Functional Cognitive Intervention: Grading Tasks to Maximize Outcomes

Angela Reimer, OTD, MOT, OTR, CBIST

July 8, 2019



Why do we care about assessing cognition as OTs? Isn't that a speech-language pathologist's job?


When we look at cognition, it is associated with a threefold increase for mortality. Patients with cognitive dysfunction are three times more likely to die than patients without cognitive dysfunction. These are patients with poor safety awareness and memory. They might be leaving the stove on. Driving is also a huge deal in occupational therapy right now. Many patients, who have some type of cognitive deficit, may be getting behind the wheel and driving. I have had a patient who burnt down his house because he put a bunch of dog blankets beside a space heater. Unfortunately, these are happening on a pretty regular basis. Whether or not they are letting us know about these things is another story.

Cognitive dysfunction is also associated with decreased ADL and IADL function. They are not going to catch on to things right away. These are the patients that may have trouble counting their exercises. How many times have you had a patient where you set them up on an activity, and when you ask them how many times they have done it, they have no idea. This is not necessarily because they are not counting. Many times, they have decreased divided attention and are only able to attend to one thing at a time. These are the folks that might need a longer-term rehab in order to be able to function at the level to be safe to return to home or return to that next level of care.

Cognition is also associated with major depression and negative affect and anxiety. This is huge because a lot of these patients with acquired brain injury already might have depression, a negative affect, and anxiety because of everything that has happened to them. Then, when you add on a cognitive deficit, especially when it is someone who had a high-level job at a bank or was a physician or a nurse as examples, this can be especially upsetting. We talk about these patients as the "walking wounded." They look great, but everything is falling apart internally, and maybe not even to the point where other people can see it from a conversational standpoint. But, when you start to talk to these people and get them engaged in a novel or new activity, you are really going to be able to identify these deficits. These patients become almost hyper-aware which also increases their depression.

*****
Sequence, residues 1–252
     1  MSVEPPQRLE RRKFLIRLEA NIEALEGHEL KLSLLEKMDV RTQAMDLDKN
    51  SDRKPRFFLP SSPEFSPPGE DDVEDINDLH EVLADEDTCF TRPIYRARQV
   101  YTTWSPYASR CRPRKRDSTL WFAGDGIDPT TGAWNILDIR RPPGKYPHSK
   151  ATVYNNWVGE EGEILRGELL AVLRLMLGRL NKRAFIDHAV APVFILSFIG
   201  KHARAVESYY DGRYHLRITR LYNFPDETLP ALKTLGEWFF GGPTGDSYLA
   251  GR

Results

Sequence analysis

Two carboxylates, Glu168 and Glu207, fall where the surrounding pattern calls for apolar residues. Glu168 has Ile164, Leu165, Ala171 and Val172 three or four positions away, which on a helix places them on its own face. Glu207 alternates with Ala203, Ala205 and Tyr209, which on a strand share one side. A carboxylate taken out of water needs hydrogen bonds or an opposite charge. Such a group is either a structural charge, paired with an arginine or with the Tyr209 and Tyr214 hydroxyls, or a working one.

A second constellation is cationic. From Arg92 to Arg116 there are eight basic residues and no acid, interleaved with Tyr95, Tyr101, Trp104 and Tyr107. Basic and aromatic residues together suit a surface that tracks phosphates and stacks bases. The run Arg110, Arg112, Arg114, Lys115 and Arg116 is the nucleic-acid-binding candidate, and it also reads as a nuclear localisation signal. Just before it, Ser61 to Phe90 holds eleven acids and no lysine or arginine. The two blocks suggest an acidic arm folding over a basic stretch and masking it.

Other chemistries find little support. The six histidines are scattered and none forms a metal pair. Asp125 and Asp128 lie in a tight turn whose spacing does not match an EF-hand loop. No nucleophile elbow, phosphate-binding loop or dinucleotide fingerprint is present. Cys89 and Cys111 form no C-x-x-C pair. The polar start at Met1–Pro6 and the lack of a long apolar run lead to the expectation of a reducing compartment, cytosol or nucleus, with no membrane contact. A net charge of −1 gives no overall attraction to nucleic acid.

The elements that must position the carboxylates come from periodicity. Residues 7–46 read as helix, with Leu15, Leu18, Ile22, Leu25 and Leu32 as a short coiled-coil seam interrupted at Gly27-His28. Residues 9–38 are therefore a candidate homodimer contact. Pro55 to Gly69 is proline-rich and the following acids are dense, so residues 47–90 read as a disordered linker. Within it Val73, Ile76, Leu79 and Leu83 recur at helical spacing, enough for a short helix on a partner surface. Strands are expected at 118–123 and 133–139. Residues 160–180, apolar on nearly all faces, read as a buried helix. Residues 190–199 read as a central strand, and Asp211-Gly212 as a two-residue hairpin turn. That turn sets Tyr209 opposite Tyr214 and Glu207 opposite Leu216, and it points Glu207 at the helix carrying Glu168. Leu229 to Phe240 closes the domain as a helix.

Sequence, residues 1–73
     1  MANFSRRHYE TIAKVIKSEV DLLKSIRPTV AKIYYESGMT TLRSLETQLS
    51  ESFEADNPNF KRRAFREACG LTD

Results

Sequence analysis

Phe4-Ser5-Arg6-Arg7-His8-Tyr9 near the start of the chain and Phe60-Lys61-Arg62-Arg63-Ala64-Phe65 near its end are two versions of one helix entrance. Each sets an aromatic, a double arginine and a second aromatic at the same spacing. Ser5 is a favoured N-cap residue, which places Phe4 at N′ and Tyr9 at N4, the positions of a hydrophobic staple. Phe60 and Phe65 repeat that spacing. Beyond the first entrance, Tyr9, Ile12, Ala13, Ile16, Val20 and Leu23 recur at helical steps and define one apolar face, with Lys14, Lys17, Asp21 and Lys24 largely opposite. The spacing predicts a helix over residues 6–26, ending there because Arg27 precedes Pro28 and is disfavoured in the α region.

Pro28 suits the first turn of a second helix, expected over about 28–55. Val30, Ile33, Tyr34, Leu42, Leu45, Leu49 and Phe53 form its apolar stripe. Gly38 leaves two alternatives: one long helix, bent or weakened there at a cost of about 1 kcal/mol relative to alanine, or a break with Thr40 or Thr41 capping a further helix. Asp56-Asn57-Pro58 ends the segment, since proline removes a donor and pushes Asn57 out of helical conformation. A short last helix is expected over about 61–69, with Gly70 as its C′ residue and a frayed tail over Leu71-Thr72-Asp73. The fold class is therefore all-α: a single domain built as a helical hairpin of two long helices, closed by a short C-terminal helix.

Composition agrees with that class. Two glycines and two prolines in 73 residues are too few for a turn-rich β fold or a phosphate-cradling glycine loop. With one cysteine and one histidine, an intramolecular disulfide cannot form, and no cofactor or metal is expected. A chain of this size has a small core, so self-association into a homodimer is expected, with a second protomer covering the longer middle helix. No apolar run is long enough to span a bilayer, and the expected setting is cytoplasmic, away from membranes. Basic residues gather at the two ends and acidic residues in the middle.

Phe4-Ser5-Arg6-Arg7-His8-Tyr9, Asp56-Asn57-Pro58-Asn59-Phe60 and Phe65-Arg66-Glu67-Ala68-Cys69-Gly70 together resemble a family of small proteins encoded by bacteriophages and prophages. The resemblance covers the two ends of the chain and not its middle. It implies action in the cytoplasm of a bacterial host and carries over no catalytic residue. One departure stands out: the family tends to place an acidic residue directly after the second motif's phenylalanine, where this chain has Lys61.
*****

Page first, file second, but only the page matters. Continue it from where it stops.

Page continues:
angela reimer

Angela Reimer, OTD, MOT, OTR, CBIST

Angela Reimer, OTD, MOT, OTR, CBIST is a registered and licensed occupational therapist with over twelve years of clinical experience focusing on geriatric and neurologically impaired populations. Ms. Reimer is a member of the National Stroke Association, the American Society of Neurorehabilitation (ASNR) and the American Congress of Rehabilitation Medicine (ACRM). Ms. Reimer has become known for incorporating occupation based strategies into the treatment of patient populations affected by stroke and other neurologic diagnosis. Ms. Reimer is co-director and speaker for the highly rated Certified Stroke Rehabilitation Specialist workshops: the field's only stroke certification for physical and occupational therapists. Ms. Reimer unique combination of education, experience and passion translates into highly innovative and effective rehabilitation solutions. Ms. Reimer received her Doctoral degree in occupational therapy from Indiana University and works closely with the National Stroke Association providing evidence based stroke rehab education to therapists across the country.

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